Just a couple of quick shots and some comments on grinding.
When you do a damascus/core/damascus weld-up, a big piece of the game is getting the core in the right place. If it gets bashed too hard and goes out of position then you may wind up with a piece of something on the edge of the knife that is not core – and that’s super bad if you’ve used facings (like wrought iron!) that won’t harden. Then you’ve got a dead spot in the cutting edge and you may as well throw the whole thing away if you can’t grind it back. If you look a bit south of midway you can see one of those spots but I’m not worried about it because final shaping and polishing will pull that back some. It won’t be where I want it but it’ll be acceptable.
So, usually what you do is quench the blade, temper it, then do a rough grind for where you think the edge is going to be, then etch it and see what it looks like. It’s one of the moments of truth.
That’s the edge of the huge pwning knife. It looks like everything is in place. That’s just one side of it but the other side looks OK, too. Sometimes you have to adjust which side gets more metal removed, and then you have to flatten the side more, which is a fraught operation.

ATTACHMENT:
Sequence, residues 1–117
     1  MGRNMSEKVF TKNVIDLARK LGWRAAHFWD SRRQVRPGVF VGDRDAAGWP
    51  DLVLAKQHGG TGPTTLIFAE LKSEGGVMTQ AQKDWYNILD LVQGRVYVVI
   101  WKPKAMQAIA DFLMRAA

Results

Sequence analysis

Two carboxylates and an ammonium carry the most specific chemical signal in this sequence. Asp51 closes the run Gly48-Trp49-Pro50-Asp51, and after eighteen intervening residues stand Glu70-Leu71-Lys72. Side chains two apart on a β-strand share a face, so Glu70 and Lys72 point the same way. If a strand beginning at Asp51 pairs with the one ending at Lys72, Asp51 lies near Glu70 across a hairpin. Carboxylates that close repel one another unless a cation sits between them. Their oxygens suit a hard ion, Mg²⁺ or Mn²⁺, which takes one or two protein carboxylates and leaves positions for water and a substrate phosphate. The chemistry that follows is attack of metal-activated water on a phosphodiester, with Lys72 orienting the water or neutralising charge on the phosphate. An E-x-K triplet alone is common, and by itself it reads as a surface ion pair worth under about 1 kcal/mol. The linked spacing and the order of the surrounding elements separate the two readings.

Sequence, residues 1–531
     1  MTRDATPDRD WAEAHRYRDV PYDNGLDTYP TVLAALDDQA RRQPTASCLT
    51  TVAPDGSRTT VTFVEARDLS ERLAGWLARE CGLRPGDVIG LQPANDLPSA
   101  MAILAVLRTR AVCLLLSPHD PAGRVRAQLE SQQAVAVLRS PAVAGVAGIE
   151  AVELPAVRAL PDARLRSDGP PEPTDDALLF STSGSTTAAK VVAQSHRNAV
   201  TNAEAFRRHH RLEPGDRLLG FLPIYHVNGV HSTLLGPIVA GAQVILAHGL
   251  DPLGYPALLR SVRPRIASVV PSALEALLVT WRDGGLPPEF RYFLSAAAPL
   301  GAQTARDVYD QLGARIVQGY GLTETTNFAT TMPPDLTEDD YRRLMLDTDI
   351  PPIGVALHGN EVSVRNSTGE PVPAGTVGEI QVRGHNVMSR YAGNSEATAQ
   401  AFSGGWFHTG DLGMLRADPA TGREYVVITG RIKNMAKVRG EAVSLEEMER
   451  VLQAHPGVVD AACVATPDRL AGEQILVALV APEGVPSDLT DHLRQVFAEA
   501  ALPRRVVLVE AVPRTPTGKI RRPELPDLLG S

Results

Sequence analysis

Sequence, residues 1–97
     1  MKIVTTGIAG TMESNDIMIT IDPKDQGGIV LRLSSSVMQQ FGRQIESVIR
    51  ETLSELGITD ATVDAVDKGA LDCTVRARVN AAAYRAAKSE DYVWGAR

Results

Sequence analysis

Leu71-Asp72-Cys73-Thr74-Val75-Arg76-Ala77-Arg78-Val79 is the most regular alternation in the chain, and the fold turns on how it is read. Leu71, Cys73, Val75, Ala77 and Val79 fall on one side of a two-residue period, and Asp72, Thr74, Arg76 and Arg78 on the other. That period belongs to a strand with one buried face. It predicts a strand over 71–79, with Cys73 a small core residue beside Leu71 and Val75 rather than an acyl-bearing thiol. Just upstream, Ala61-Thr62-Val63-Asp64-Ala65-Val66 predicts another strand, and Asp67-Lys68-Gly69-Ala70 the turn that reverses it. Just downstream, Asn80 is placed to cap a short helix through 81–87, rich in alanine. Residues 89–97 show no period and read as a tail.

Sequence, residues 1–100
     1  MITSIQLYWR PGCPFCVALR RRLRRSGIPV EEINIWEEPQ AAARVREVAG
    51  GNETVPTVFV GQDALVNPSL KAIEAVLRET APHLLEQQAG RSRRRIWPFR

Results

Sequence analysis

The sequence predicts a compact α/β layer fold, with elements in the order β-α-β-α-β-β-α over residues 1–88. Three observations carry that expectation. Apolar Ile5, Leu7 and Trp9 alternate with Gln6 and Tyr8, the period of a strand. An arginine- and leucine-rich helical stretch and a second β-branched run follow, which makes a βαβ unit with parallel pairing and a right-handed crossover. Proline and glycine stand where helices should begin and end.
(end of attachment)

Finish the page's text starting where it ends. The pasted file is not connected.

You can clearly see the nickel transition line that I put in there. Best of all, there are no big holes in the welds. It all looks good and tight, which is nice because the side-pieces were cut and stacked and welded a total of 3 times to get that much layering.
My faux suminigashi on the sides is a mixture of stuff and it’s super tough. Getting scratches out of it turns out to be exceedingly unpleasant. Oh, well.
That is the one with twist damascus on the sides, ground back to show the 1095 core and transition line. That thing is going to look wild after it’s parkerized or etched or soaked in coffee. The twist should turn into mad black and silver.
Again, everything appears to be placed where I wanted it. I’m going to call that a successful operation. Best of all, both blades quenched straight and hard and true and I’ve tempered them back until they are springy and tough. At this stage, I usually get frustrated with polishing out scratches and let them sit on the bench for a while to see if the scratches just sort of … come out on their own. So far that has not happened but you never know!